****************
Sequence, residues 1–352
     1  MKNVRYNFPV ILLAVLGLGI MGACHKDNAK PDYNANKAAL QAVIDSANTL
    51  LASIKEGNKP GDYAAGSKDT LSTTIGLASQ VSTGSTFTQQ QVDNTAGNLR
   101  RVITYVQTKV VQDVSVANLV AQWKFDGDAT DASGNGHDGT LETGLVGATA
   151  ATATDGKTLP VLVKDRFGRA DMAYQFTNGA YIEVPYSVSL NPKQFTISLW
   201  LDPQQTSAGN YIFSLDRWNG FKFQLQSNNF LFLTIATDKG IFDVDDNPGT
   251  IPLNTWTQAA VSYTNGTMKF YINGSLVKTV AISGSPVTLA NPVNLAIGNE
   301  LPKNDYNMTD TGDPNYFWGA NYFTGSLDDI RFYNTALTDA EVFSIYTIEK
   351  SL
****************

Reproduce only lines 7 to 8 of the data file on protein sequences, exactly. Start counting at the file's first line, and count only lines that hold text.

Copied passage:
   251  IPLNTWTQAA VSYTNGTMKF YINGSLVKTV AISGSPVTLA NPVNLAIGNE
   301  LPKNDYNMTD TGDPNYFWGA NYFTGSLDDI RFYNTALTDA EVFSIYTIEK